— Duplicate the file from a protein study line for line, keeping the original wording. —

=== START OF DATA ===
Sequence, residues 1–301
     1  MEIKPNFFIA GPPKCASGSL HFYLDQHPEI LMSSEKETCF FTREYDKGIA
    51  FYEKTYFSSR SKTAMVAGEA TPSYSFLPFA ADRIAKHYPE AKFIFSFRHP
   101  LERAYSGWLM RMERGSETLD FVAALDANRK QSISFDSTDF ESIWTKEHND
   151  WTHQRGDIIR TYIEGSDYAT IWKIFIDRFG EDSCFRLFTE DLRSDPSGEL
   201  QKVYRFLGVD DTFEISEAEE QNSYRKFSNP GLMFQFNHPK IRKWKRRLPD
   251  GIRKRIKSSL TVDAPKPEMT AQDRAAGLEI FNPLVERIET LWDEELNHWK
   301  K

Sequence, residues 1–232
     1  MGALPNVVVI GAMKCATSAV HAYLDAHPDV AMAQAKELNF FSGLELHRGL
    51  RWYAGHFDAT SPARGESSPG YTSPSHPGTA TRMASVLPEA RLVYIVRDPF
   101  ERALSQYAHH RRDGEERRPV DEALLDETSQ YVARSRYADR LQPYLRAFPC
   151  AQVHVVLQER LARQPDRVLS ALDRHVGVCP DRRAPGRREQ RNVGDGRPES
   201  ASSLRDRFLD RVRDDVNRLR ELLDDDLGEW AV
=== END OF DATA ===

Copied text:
Sequence, residues 1–301
     1  MEIKPNFFIA GPPKCASGSL HFYLDQHPEI LMSSEKETCF FTREYDKGIA
    51  FYEKTYFSSR SKTAMVAGEA TPSYSFLPFA ADRIAKHYPE AKFIFSFRHP
   101  LERAYSGWLM RMERGSETLD FVAALDANRK QSISFDSTDF ESIWTKEHND
   151  WTHQRGDIIR TYIEGSDYAT IWKIFIDRFG EDSCFRLFTE DLRSDPSGEL
   201  QKVYRFLGVD DTFEISEAEE QNSYRKFSNP GLMFQFNHPK IRKWKRRLPD
   251  GIRKRIKSSL TVDAPKPEMT AQDRAAGLEI FNPLVERIET LWDEELNHWK
   301  K

Sequence, residues 1–232
     1  MGALPNVVVI GAMKCATSAV HAYLDAHPDV AMAQAKELNF FSGLELHRGL
    51  RWYAGHFDAT SPARGESSPG YTSPSHPGTA TRMASVLPEA RLVYIVRDPF
   101  ERALSQYAHH RRDGEERRPV DEALLDETSQ YVARSRYADR LQPYLRAFPC
   151  AQVHVVLQER LARQPDRVLS ALDRHVGVCP DRRAPGRREQ RNVGDGRPES
   201  ASSLRDRFLD RVRDDVNRLR ELLDDDLGEW AV